Give Me a Break: Diary of a Broken Wrist Part V

Visual Image Therapy for a Broken Wrist

Briefly, visual image therapy was first developed by neuroscientist, Vilayanur S. Ramachandran for people suffering from phantom limb pain and/or paralysis. This researcher speculated that since the phantom pain/.paralysis was a construct of the brain, if the person was able to see the limb as whole and complete and with the capacity to move effortlessly, the brain would change its “opinion” of the situation and the pain/paralysis could be alleviated. In order to achieve this he constructed a mirror box which allowed the patient to see a reflection of the remaining limb in a mirror that was positioned in such a way that it looked like it was the missing limb; as the person moved the existing limb the brain was seeing it as if it were the phantom limb. Since it moved and there was no pain, the brain was slowly able to let go of its original image of the pain/paralysis construct.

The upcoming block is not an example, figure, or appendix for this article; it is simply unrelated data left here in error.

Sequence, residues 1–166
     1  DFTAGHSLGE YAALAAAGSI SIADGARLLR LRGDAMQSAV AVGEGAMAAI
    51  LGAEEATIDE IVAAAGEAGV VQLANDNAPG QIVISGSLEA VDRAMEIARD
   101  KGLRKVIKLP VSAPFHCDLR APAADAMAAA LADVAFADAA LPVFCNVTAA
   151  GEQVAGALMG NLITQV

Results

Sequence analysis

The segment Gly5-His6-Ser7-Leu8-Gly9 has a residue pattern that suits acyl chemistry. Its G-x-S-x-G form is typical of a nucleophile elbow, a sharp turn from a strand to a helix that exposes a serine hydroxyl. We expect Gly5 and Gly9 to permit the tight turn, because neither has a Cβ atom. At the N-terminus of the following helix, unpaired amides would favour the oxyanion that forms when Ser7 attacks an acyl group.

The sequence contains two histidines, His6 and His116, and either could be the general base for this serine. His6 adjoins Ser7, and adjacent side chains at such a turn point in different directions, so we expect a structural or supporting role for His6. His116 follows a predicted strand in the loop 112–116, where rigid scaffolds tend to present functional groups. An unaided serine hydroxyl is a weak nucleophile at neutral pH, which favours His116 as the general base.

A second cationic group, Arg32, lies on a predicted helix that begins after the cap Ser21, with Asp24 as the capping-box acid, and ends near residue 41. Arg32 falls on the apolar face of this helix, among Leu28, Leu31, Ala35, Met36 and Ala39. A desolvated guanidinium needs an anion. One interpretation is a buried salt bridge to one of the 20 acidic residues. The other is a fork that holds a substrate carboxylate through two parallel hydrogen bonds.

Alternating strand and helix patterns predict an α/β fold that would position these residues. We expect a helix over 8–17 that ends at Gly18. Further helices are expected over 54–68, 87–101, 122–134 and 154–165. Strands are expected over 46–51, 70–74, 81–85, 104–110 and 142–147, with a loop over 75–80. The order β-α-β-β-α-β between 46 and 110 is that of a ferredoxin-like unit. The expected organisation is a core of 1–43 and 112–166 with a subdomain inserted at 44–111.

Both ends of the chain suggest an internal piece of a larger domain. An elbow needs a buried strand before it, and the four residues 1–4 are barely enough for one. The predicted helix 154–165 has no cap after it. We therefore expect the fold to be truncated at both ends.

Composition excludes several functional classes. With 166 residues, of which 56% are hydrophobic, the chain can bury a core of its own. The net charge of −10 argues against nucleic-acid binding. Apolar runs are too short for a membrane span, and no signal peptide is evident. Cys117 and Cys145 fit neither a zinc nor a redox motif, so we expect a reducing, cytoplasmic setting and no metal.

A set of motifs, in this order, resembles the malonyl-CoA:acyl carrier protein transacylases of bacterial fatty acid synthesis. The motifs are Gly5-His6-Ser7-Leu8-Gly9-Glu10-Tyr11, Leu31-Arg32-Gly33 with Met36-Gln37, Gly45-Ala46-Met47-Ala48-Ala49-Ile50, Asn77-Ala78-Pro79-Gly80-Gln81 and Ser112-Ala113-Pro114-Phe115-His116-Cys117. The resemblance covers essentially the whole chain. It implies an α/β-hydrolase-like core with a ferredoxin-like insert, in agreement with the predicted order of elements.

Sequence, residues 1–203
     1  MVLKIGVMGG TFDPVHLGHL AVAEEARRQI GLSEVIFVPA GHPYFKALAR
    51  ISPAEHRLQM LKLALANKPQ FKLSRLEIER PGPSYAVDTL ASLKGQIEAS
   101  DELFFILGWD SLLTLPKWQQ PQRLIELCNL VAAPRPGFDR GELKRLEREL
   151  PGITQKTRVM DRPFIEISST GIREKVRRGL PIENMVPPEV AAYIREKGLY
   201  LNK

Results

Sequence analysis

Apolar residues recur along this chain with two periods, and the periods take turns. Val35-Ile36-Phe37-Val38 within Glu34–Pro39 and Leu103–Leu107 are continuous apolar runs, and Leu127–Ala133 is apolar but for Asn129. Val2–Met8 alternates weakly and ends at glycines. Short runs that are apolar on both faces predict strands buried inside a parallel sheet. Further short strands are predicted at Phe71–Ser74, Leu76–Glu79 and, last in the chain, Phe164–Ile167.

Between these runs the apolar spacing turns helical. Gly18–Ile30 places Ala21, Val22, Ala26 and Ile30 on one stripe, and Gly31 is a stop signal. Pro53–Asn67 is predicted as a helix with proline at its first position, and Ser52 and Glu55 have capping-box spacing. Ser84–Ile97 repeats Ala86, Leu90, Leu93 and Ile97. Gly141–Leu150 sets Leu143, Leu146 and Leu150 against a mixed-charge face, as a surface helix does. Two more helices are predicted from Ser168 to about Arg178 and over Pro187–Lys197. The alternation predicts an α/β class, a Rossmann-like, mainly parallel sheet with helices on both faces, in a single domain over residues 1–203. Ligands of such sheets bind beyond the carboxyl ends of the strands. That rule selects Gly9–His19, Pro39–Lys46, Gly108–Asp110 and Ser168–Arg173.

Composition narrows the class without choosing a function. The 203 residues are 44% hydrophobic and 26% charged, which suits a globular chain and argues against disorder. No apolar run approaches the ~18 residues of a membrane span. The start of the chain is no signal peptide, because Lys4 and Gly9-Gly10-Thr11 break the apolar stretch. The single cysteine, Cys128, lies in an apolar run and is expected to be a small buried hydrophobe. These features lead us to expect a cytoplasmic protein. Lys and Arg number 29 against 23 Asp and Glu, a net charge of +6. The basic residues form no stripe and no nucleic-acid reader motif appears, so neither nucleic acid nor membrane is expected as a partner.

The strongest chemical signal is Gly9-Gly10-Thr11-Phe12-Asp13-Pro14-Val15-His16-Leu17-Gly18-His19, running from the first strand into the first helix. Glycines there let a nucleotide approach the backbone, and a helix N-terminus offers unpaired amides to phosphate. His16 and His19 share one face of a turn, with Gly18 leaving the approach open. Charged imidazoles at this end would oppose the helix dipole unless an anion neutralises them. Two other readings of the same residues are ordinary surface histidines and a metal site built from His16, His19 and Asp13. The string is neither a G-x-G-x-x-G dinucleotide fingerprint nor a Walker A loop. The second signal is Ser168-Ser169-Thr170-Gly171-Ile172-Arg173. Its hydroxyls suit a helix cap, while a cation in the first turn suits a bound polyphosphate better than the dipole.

So how does Ramachandran’s research apply to me? Up to now I have been doing Feldenkrais Awareness Through Movement® lessons that have kept my shoulder and elbow moving well and have continued to avoid developing any chronic pain. However, at this point I wanted to make sure that I didn’t lose my ability to flex and extend my wrist which was of course impossible with the constraint of the cast.  I began to experiment with using my imagination to try to feel those two movements; however, I’m a visual/kinesthetic learner and no matter how hard I tried to feel the flexing and extending I still was very aware of the cast inhibiting all movement. Fortunately I knew about Ramachandran’s work and had a small mirror handy that would suit my purpose quite nicely. I’ve made a short video so that you can see what I did.

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